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Oculoglandular syndrome of Parinaud
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Oculoglandular syndrome of Parinaud

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Contributors: Kristina Voss MD, Deepak Sobti MD
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Synopsis

Oculoglandular syndrome of Parinaud (OSP) is a unilateral conjunctivitis that presents with ipsilateral preauricular and submandibular lymphadenopathy. Conjunctival granulomas and fever also typically occur with this syndrome. It is primarily bacterial in etiology. It is estimated to affect 22 000 people annually in the United States. The most common bacterial cause is Bartonella henselae, which is called cat-scratch disease due to contraction from exposure to cats and their fleas. Transmission does not require a scratch but can occur with a cat lick or bite or simply contact with a cat's fleas. Human transmission does not occur. Other implicated bacteria include Mycobacterium tuberculosis, Francisella tularensis, and Treponema pallidum. Coccidioides can be a nonbacterial cause of the disease.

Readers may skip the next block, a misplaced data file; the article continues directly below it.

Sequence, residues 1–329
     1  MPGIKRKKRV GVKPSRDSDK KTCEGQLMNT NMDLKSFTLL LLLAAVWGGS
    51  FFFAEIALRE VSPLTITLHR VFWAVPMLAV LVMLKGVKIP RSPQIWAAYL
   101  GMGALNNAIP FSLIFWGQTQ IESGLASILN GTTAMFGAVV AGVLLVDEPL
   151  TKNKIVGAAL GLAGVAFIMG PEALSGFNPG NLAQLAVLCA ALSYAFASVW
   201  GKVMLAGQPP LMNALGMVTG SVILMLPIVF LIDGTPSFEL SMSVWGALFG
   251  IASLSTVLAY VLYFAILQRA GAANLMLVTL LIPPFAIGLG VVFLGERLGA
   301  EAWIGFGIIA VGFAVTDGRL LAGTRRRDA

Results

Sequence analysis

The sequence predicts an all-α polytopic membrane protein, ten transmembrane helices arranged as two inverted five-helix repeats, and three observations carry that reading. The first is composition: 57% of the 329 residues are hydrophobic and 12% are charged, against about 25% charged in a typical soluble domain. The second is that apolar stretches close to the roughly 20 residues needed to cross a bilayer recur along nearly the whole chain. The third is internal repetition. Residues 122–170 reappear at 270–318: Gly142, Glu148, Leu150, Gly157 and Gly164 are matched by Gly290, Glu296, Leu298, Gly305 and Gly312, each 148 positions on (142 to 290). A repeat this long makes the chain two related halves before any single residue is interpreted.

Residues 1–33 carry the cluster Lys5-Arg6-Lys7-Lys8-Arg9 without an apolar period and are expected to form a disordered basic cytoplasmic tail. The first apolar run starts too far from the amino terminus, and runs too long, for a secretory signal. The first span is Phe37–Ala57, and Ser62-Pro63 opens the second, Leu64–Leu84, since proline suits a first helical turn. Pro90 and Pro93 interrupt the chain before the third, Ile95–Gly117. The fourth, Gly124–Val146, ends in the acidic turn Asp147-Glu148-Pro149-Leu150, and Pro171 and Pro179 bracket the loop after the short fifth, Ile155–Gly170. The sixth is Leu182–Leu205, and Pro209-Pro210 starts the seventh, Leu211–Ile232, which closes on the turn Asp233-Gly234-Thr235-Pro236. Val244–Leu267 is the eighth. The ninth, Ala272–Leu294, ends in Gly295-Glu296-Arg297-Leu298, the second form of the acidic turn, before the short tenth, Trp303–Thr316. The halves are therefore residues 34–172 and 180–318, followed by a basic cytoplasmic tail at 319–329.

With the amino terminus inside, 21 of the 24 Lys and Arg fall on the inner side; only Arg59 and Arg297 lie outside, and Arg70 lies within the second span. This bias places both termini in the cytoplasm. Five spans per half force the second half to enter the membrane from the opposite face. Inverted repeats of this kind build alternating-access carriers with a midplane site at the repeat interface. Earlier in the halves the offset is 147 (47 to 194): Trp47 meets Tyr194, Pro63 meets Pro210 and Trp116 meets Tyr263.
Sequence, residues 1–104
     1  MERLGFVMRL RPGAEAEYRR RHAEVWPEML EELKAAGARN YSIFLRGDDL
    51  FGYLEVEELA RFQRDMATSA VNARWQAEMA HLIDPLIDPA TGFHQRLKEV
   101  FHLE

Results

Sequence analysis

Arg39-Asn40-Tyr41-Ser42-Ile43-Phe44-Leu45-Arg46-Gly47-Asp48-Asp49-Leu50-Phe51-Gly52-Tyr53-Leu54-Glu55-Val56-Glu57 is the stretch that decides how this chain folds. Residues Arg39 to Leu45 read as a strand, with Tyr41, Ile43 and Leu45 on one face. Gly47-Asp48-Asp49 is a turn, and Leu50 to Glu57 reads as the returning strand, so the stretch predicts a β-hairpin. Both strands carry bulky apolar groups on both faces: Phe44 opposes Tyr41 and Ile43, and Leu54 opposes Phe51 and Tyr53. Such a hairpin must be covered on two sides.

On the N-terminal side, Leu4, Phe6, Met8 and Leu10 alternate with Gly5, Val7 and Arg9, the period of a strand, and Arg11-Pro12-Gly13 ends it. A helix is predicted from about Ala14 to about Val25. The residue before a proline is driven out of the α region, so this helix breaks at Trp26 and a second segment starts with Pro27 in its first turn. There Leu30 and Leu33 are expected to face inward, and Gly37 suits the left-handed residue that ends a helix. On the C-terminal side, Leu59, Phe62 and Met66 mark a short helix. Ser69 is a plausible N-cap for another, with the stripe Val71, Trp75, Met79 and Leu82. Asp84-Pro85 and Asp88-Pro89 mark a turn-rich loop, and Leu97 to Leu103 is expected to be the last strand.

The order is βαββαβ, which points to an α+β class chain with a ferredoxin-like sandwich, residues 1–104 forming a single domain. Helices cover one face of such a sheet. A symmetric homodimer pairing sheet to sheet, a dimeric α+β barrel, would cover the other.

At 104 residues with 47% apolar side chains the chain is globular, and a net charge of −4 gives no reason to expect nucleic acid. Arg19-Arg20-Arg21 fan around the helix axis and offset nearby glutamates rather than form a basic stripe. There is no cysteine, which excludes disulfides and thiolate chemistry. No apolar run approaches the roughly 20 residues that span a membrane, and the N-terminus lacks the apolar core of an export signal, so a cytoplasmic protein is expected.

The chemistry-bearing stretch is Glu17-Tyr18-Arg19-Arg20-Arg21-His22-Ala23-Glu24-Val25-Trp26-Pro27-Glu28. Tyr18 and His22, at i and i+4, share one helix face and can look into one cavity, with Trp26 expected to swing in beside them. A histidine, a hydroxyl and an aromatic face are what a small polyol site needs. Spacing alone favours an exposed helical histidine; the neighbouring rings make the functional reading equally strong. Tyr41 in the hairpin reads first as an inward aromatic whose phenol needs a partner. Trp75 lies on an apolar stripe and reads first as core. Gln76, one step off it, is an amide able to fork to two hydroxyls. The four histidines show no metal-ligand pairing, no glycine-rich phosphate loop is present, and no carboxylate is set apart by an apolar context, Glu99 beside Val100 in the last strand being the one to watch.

Symptoms typically begin with conjunctivitis approximately 3-10 days after inoculation. Lymphadenopathy may occur simultaneously or 1-2 weeks after conjunctivitis. The lymphadenopathy may become suppurative in approximately 10%-40% of cases. It rarely can progress to severe disseminated infection requiring hospitalization.

Codes

ICD10CM:
H10.89 – Other conjunctivitis

SNOMEDCT:
128350005 – Bacterial conjunctivitis

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Last Reviewed: 08/30/2017
Last Updated: 08/30/2017
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Oculoglandular syndrome of Parinaud
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Oculoglandular syndrome of Parinaud : Fever, Regional lymphadenopathy, Unilateral
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